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Genetics. Mar 1983; 103(3): 513–527.
PMCID: PMC1202037

An Approach to Population and Evolutionary Genetic Theory for Genes in Mitochondria and Chloroplasts, and Some Results


We developed population genetic theory for organelle genes, using an infinite alleles model appropriate for molecular genetic data, and considering the effects of mutation and random drift on the frequencies of selectively neutral alleles. The effects of maternal inheritance and vegetative segregation of organelle genes are dealt with by defining new effective gene numbers, and substituting these for 2Ne in classical theory of nuclear genes for diploid organisms. We define three different effective gene numbers. The most general is Nλ, defined as a function of population size, number of organelle genomes per cell, and proportions of genes contributed by male and female gametes to the zygote. In many organisms, vegetative segregation of organelle genomes and intracellular random drift of organelle gene frequencies combine to produce a predominance of homoplasmic cells within individuals in the population. Then, the effective number of organelle genes is Neo, a simple function of the numbers of males and females and of the maternal and paternal contributions to the zygote. Finally, when the paternal contribution is very small, N eo is closely approximated by the number of females, N f. Then if the sex ratio is 1, the mean time to fixation or loss of new mutations is approximately two times longer for nuclear genes than for organelle genes, and gene diversity is approximately four times greater. The difference between nuclear and organelle genes disappears or is reversed in animals in which males have large harems. The differences between nuclear and organelle gene behavior caused by maternal inheritance and vegetative segregation are generally small and may be overshadowed by differences in mutation rates to neutral alleles. For monoecious organisms, the effective number of organelle genes is approximately equal to the total population size N. We also show that a population can be effectively subdivided for organelle genes at migration rates which result in panmixis for nuclear genes, especially if males migrate more than females.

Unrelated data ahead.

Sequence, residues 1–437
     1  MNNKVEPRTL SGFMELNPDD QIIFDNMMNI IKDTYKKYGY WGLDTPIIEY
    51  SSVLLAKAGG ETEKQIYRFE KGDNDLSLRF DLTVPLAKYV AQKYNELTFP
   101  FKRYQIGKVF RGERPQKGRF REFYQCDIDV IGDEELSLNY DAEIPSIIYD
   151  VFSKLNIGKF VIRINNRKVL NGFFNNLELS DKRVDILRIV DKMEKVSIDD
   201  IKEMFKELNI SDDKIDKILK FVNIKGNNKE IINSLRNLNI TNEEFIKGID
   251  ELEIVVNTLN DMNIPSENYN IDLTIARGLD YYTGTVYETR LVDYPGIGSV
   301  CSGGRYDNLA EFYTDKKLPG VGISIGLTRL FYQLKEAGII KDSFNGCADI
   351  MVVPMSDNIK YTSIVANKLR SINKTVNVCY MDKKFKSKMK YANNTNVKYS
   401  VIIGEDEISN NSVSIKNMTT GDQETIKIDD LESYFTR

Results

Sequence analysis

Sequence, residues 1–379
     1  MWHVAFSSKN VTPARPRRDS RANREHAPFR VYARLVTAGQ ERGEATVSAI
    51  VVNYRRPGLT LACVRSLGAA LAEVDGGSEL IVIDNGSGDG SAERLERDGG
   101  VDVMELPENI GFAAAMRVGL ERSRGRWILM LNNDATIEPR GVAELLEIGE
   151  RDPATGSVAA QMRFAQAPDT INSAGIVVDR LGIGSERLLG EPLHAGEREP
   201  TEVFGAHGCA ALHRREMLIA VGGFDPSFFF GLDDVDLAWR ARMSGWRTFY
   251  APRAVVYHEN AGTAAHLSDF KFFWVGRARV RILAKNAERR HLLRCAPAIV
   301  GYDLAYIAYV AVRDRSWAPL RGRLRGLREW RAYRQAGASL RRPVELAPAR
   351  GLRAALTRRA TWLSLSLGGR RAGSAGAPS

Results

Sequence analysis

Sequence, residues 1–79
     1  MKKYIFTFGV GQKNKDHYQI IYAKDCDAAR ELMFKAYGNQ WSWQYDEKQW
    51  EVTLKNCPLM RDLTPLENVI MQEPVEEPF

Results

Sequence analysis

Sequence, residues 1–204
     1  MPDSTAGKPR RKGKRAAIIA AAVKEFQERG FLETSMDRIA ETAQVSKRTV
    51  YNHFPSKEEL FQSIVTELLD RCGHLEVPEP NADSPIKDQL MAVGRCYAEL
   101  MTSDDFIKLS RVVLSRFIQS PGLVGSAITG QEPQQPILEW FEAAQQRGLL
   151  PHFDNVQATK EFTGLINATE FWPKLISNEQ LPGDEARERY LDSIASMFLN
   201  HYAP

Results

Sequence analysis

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Selected References

These references are in PubMed. This may not be the complete list of references from this article.
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